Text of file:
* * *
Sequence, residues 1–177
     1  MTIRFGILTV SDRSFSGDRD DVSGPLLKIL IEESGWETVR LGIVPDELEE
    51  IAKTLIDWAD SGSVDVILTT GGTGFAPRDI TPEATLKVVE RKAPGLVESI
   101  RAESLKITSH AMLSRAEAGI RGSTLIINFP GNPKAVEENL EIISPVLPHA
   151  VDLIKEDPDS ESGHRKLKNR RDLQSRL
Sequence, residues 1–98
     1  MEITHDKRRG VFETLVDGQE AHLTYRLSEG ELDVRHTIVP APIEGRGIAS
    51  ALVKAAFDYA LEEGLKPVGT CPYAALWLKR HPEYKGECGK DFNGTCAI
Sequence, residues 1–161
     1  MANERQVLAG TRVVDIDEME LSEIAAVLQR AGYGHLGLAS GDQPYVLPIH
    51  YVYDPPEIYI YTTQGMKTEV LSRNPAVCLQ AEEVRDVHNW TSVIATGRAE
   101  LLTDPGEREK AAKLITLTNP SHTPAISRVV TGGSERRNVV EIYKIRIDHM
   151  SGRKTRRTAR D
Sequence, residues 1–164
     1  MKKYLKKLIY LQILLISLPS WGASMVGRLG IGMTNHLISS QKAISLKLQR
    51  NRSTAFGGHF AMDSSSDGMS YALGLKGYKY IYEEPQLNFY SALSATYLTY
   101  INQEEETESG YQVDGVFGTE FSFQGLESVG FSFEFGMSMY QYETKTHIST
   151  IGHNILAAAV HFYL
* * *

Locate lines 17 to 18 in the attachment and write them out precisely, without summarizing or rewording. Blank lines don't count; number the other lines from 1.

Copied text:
   101  INQEEETESG YQVDGVFGTE FSFQGLESVG FSFEFGMSMY QYETKTHIST
   151  IGHNILAAAV HFYL